Web App FAQ (Amazon Fire TV)

The following are frequently asked questions about Amazon Fire TV Web Apps.

Q: How can I customize the Amazon Remote Back button behavior for a web app?
The Back button does not raise a standard key event. The default behavior for this button is to navigate back in the history stack until the WebView is at the root page, and once there a subsequent back press closes the application without informing the web app. As a workaround, you can use the History API to capture Back button presses by pushing to the history stack in the onLoad event.

Note that there is a bug in Chromium v25, which fires the onpopstate event on page load. This adds complexity to the following workarounds. For information about this bug, see the Chromium documentation for Issue 63040: Add window.history.state and don’t fire popstate after load.

There are two possible workarounds using the History API. Only one is needed. The following example is the preferred workaround. It uses the state to ensure that it acts on the correct popstate event.

window.addEventListener("load", function () {
    window.addEventListener("popstate", function () {
        if (window.history.state !== "backhandler") {
            // put your back handler code here
            window.history.pushState("backhandler", null, null);
        }
    });
    window.history.pushState("backhandler", null, null);
});

The second, non-preferred workaround sets a timeout to delay registering the onpopstate event until right after the load. This works, but relies on timers and therefore is not the primary recommendation.

    window.addEventListener("load", function() {
    setTimeout(function() {
        window.onpopstate = function(event) {
            showConfirmDialog();
            window.history.pushState(null, null, null);
        };
    }, 0);
    window.history.pushState(null, null, null);
});
Q: How do I properly close a web app?
Many apps need to explicitly close or end the application. For example, they may override the Back button behavior to show a confirmation dialog prior to closing the app, and want to ensure the window is properly closed when selected by the user. The snippet below provides a method of doing so.
window.open("", "_self").close();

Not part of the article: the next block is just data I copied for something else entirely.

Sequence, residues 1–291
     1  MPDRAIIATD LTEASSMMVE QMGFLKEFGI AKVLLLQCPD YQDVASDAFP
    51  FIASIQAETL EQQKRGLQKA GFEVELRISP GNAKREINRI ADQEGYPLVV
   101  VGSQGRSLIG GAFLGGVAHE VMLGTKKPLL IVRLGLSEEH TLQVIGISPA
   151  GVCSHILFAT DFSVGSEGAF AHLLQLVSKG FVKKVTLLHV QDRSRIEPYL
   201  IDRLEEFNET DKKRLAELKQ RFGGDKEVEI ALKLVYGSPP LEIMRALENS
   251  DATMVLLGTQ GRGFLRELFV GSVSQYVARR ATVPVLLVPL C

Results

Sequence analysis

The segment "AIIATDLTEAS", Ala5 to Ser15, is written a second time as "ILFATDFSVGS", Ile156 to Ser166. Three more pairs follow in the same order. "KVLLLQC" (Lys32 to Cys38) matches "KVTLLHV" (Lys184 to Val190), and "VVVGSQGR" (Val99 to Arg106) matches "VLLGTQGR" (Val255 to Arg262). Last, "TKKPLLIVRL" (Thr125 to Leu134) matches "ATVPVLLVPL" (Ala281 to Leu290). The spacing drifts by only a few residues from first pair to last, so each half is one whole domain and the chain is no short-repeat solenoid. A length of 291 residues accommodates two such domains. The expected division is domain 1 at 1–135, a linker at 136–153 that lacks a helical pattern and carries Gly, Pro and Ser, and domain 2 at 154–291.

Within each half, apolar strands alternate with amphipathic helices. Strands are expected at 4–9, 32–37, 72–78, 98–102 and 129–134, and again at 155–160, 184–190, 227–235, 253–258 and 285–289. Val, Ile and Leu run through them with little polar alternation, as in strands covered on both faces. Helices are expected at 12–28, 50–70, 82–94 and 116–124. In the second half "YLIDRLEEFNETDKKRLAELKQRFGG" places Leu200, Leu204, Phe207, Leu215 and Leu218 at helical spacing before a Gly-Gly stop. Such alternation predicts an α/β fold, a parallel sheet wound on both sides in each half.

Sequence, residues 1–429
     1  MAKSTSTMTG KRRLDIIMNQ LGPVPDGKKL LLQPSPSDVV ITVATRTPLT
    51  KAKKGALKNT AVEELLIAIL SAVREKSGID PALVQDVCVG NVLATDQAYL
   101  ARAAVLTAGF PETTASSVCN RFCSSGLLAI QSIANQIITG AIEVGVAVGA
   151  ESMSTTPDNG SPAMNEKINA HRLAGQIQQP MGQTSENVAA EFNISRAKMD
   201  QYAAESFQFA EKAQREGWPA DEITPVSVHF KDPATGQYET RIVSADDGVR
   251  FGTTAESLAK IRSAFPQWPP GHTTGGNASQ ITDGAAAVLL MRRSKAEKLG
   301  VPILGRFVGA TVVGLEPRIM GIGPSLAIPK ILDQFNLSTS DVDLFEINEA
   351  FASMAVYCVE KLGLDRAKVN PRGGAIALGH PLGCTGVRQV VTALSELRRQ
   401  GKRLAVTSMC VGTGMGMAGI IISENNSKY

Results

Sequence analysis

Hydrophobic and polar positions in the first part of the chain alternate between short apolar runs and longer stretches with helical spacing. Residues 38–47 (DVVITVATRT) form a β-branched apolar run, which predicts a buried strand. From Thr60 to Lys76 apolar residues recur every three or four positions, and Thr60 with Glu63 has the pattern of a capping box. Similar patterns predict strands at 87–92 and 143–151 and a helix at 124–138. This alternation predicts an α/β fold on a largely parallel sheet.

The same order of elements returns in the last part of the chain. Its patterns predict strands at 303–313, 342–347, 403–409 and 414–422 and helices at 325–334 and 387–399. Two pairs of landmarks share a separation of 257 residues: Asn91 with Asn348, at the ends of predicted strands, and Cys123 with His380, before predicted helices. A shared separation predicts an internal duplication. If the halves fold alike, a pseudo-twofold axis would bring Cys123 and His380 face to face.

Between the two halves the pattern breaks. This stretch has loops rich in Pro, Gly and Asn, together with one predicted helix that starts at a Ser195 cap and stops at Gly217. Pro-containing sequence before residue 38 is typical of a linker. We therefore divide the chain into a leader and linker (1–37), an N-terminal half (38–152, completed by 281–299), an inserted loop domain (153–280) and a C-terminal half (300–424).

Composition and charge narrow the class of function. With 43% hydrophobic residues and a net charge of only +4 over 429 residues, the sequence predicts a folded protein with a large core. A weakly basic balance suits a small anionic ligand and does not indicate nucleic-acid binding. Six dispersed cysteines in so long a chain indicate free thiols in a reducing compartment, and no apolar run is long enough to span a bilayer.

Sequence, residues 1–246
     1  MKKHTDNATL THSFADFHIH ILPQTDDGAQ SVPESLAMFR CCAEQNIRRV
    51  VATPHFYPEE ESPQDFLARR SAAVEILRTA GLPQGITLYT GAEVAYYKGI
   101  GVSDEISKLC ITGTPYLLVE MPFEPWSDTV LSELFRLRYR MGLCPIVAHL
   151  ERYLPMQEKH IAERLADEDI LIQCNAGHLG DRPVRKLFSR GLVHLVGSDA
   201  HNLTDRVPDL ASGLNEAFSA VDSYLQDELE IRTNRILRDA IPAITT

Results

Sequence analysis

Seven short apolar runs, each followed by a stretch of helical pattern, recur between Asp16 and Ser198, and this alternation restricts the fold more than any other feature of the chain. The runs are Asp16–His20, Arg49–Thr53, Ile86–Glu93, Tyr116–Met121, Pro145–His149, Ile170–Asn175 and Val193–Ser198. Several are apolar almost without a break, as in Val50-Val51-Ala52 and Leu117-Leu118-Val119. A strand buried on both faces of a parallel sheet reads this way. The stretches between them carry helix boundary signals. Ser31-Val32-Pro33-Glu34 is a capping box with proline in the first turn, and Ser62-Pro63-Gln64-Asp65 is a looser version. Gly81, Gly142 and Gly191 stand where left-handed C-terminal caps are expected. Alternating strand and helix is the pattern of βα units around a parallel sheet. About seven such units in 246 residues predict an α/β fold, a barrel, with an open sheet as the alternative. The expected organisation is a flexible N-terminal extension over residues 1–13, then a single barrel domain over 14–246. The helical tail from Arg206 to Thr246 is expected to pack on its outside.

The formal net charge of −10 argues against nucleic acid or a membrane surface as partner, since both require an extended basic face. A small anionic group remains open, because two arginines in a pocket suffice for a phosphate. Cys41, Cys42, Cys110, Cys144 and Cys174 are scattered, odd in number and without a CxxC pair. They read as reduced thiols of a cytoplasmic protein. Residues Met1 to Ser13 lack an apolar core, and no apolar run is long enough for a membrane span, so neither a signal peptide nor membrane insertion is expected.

Q: Can web apps for Amazon Fire TV support digital rights management (DRM) for media playback?
No, the Web App Platform does not currently support any form of DRM for media playback. For details about DRM support for native FireTV applications, see the DRM section of the Specifications for Fire TV Devices page.
Q: Does my web app need to disable the screen saver during video playback?
Yes, your app should disable the screen saver on the Fire TV during video playback to allow for long running times without user interaction. When you submit your app, select the Prevent Sleep for Video Playback check box.

Otherwise, the screen saver appears after a period of inactivity, just as it would during navigation through the main menu.

Q: Can web apps for Amazon Fire TV use HTTP live streaming (HLS)?
Yes. HLS video playback is supported in the Web App Platform. However, be aware of the following known issues:
  • Videos do not pause automatically if put in background while loading or buffering. As a workaround, use the Page Visibility API to manually pause videos. For information on using the Page Visibility API to detect focus changes, see Getting Started with Web Apps.
  • Short video segments (~1-2 sec) may cause pauses and artifacts during playback.
  • Seeking in an HLS stream is not supported.
  • Getting the duration of an HLS video is not supported.
  • When the user performs a voice search during HLS playback the video is paused, and when the playback resumes, the video starts from the beginning.
  • An alternative to HLS that does not have these issues is VisualOn. Be aware though that VisualOn runs only if full-screen mode, and so you cannot use overlays or custom controls.
Q: Can web apps for Amazon Fire TV use the Blob Interface API?
No. The Blob APIs are currently unsupported in the Web App Platform. Note that the the Blob object is incorrectly present in the namespace which may cause some feature detection libraries to wrongly identify the platform as being Blob-capable.
Q: Why does my web app show an unchanging duration of 1:40 seconds during audio and video playback?
For both audio and video elements, the duration property incorrectly reports a time of 100 seconds (1:40) during the initialization period. If you set your text field at this time and do not update it, it will improperly show 1:40. The correct value is in fact made available once the media element has begun playback. The following code example shows a workaround of using the durationchange event to update the element with the correct duration during initialization.
video.addEventListener("durationchange", function() {
    // when this event fires, the media duration should be available
    document.getElementById("duration").innerHTML = video.duration;
});
Q: How do I allow users to control video playback using the remote?
Some HTML5 elements cannot be focused with the remote. For example, div and span elements cannot be focused with the remote. Also, if you rely on default video controls, the individual Play, Pause, Forward, and Rewind buttons cannot be focused. However, the video element as a whole can be focused and can be controlled with the remote keys.